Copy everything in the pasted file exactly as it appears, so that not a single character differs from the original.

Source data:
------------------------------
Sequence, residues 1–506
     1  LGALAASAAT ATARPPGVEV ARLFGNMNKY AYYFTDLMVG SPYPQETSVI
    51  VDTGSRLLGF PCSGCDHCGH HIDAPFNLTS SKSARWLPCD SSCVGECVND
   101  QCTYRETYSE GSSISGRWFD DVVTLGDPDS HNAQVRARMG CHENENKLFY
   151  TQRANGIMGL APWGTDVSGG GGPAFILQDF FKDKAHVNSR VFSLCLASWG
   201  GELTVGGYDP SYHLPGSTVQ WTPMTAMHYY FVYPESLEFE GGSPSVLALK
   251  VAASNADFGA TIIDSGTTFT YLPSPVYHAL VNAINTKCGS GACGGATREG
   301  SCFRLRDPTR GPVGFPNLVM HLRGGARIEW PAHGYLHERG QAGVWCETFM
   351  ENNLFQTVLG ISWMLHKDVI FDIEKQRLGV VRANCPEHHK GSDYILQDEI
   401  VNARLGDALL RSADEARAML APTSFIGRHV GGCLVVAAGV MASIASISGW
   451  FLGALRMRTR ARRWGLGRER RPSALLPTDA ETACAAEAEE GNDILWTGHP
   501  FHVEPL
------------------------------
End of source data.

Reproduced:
Sequence, residues 1–506
     1  LGALAASAAT ATARPPGVEV ARLFGNMNKY AYYFTDLMVG SPYPQETSVI
    51  VDTGSRLLGF PCSGCDHCGH HIDAPFNLTS SKSARWLPCD SSCVGECVND
   101  QCTYRETYSE GSSISGRWFD DVVTLGDPDS HNAQVRARMG CHENENKLFY
   151  TQRANGIMGL APWGTDVSGG GGPAFILQDF FKDKAHVNSR VFSLCLASWG
   201  GELTVGGYDP SYHLPGSTVQ WTPMTAMHYY FVYPESLEFE GGSPSVLALK
   251  VAASNADFGA TIIDSGTTFT YLPSPVYHAL VNAINTKCGS GACGGATREG
   301  SCFRLRDPTR GPVGFPNLVM HLRGGARIEW PAHGYLHERG QAGVWCETFM
   351  ENNLFQTVLG ISWMLHKDVI FDIEKQRLGV VRANCPEHHK GSDYILQDEI
   401  VNARLGDALL RSADEARAML APTSFIGRHV GGCLVVAAGV MASIASISGW
   451  FLGALRMRTR ARRWGLGRER RPSALLPTDA ETACAAEAEE GNDILWTGHP
   501  FHVEPL